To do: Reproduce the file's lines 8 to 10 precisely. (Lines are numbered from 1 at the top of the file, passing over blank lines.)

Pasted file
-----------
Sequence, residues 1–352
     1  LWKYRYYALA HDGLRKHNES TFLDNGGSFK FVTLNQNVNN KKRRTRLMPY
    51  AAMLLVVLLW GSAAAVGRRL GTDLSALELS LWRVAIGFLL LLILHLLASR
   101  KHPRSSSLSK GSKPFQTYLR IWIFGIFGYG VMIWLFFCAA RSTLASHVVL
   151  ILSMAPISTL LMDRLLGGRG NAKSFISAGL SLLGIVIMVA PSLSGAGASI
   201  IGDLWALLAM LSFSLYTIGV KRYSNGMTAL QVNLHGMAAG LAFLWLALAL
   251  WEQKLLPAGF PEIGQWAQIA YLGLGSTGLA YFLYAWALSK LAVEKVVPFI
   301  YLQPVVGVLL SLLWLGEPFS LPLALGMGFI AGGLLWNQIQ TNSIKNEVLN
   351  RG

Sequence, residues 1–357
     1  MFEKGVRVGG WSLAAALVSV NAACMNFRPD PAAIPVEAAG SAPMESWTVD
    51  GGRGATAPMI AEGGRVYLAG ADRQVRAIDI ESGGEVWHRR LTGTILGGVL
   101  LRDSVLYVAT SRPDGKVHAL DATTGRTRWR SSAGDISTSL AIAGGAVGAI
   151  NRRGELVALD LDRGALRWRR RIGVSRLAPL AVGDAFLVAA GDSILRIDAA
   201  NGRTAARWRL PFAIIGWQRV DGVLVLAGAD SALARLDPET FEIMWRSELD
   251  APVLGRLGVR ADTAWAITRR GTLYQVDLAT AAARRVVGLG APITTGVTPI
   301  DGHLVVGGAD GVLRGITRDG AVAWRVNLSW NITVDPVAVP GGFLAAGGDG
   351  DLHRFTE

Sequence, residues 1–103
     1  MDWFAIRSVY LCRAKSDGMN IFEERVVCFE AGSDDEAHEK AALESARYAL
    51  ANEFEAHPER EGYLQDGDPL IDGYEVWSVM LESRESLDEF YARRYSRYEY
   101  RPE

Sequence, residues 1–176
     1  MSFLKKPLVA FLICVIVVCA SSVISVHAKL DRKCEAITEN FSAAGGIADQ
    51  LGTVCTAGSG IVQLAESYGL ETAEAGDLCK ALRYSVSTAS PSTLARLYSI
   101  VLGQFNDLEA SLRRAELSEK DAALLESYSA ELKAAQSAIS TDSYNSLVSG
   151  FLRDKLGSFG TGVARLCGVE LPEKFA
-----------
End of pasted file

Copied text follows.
   301  YLQPVVGVLL SLLWLGEPFS LPLALGMGFI AGGLLWNQIQ TNSIKNEVLN
   351  RG

Sequence, residues 1–357